The DPRK does not fail to vociferously oppose the annual  military joint training exercises between South Korea and the United States.  This year, however, the exercises were preceded by another DPRK underground nuclear test, as well as a series of missile tests.  Despite warnings of military action from the DPRK, the joint exercises took place without incident. The North Korean leadership has once again shown its ability to manufacture a crisis with outside forces in order to garner political support from both its domestic population, as well as its military leadership.  Jong-un has been able to use the manufactured crisis to portray himself as a confident and caring leader of the DPRK, as shown below....

As well as a capable military tactician...

These carefully crafted public relations pieces are made not only for the DPRK's public and military viewing, but for international consumption as well with a message that is becoming increasingly apparent: Kim Jong-un is in charge of the DPRK and has the support of its military.  Yet the issue remains as to why the DPRK is choosing the present time to raise the tensions to the current level.  This is where the complexities of the North Korean political system need to be understood.

Diplomatic Currency

If the DPRK does not have the intention of embarking on a military adventure that would likely spell its demise, then what is it doing? The idea of using  multilateral state talks regarding its nuclear program to extract economic concessions appear to be an impossibility due to two factors.  The first is the DPRK's public statements referring to its nuclear capabilities as the "country's life", and that it would not trade the capability for concessions.  The second is a factor that has not been widely reported in global media coverage regarding the crisis, which is the April 1st meeting of the DPRK Supreme People's Assembly in Pyongyang.

In this meeting, a series of laws were passed in which not only make it a crime  for DPRK officials to even negotiate the country's nuclear capability, but the laws also ensure the country's nuclear capabilities will remain intact for the foreseeable future.  Perhaps even more importantly, the DPRK coded the usage of its nuclear weapons into law as being that of a defensive nature.  Some portions of the laws include:

 "They serve the purpose of deterring and repelling the aggression and attack of the enemy against the DPRK and dealing deadly retaliatory blows at the strongholds of aggression until the world is denuclearized"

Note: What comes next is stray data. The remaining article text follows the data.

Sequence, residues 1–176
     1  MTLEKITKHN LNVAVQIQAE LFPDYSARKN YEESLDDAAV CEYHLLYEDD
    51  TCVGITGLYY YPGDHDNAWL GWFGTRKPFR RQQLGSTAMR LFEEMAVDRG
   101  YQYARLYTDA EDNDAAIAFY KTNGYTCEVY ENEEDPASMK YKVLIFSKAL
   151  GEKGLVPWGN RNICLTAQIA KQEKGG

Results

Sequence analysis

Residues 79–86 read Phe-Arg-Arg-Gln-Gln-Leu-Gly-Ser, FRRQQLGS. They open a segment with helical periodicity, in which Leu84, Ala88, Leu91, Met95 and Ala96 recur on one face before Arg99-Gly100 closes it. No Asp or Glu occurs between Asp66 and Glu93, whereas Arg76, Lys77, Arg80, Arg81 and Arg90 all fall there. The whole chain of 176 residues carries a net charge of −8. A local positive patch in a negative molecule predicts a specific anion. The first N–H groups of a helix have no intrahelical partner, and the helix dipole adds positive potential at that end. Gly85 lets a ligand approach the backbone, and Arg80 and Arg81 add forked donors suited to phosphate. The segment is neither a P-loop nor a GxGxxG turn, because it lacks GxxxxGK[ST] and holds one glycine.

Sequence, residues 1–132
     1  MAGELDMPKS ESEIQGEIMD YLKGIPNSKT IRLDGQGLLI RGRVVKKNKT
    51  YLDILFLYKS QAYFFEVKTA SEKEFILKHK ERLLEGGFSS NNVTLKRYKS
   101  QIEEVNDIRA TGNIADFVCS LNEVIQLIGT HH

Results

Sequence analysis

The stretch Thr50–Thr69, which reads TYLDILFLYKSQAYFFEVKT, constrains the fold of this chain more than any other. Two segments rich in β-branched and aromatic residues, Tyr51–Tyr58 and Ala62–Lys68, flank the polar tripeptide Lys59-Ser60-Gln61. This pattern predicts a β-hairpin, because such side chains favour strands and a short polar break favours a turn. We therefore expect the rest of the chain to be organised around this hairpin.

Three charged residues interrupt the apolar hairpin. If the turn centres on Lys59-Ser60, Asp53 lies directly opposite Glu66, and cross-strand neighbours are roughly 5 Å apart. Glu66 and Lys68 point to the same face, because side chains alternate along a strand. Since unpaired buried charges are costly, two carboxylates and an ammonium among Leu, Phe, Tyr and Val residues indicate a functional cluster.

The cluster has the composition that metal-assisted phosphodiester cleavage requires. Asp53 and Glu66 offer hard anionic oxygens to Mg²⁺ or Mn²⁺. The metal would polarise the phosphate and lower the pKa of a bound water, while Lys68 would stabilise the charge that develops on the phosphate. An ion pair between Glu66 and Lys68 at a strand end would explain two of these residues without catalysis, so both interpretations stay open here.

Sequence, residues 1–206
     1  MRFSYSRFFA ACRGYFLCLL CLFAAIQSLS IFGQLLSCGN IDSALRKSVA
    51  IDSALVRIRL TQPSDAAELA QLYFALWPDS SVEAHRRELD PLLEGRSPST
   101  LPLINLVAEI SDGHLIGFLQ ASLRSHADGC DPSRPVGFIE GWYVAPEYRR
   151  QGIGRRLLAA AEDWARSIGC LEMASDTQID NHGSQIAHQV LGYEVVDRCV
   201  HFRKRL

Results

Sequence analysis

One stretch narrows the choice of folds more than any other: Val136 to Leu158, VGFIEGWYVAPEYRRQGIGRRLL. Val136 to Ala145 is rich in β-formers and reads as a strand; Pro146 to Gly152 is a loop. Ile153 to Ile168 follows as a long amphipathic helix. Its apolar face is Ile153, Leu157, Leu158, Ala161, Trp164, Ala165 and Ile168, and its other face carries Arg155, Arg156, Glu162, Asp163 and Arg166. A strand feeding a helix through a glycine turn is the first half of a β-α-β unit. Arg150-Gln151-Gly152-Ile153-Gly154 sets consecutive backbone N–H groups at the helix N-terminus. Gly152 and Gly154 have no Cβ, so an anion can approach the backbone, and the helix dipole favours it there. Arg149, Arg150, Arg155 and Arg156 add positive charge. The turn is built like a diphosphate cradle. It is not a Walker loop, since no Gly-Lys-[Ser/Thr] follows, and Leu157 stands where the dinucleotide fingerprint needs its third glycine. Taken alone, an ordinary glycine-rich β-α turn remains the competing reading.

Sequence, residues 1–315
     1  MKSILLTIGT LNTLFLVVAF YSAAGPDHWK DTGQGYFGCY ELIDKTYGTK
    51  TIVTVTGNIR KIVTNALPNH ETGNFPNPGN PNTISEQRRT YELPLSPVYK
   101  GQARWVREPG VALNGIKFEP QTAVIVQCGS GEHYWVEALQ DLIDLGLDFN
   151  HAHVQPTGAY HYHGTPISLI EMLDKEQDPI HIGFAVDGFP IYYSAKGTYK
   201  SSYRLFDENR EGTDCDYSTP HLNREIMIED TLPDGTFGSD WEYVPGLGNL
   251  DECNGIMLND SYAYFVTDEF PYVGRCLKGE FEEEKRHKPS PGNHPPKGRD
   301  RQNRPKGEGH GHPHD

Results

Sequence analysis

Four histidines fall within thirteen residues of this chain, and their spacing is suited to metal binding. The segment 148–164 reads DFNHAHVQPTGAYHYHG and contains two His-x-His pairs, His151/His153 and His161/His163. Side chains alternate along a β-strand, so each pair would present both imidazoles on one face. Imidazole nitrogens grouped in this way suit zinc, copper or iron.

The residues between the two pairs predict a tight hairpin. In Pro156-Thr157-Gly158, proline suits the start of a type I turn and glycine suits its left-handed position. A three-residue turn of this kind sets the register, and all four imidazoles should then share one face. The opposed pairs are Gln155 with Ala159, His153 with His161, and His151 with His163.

"The DPRK shall neither use nukes against the non-nuclear states nor threaten them with those weapons unless they join a hostile nuclear weapons state in its invasion and attack on the DPRK"

"The DPRK shall strive hard to defuse the danger of a nuclear war and finally build a world without nukes and fully support the international efforts for nuclear disarmament against nuclear arms race"

Upon looking at the recent laws passed within the DPRK assembly (laws that need to have the consent of the current Jong-un faction prior to being voted upon), the fog begins to lift from the decision making process in the DPRK political leadership, in which the Jong-un camp is stating to the military leadership:

"The country's nuclear weapons program (a primary deterrent in the country's resistance to foreign military action as well as source of pride within the military) will not be negotiated away and will remain a major aspect of the DPRK's military capabilities........ you can place your trust in us"

Yet many analysts may pose the question: "If the North Korean leadership is now stating that it does not wish to even discuss its nuclear program, what does it have left to bargain with?" The DPRK's solution could be one in which it looks to "print diplomatic currency", much in the same fashion that countries left without capital print physical currency in the wake of an economic crisis. The DPRK leadership could discuss the following in the near future (all of which were "diplomatic currency" that it did not hold prior to 2013):

1. The reestablishment of communication between the DPRK and ROK-US military forces at the Demilitarized Zone (DMZ) checkpoint on the North-South Korean border

2. Stating that it will not resume production at its Yongbyon nuclear facility

3. Cease long-range missile testing

4. Negotiate a resumption of its 1953 armistice agreement with South Korea

All of these potential talking points were made possible by the DPRK by creating a crisis scenario in which it could take away such agreements in order to bring them back when the political climate was suitable.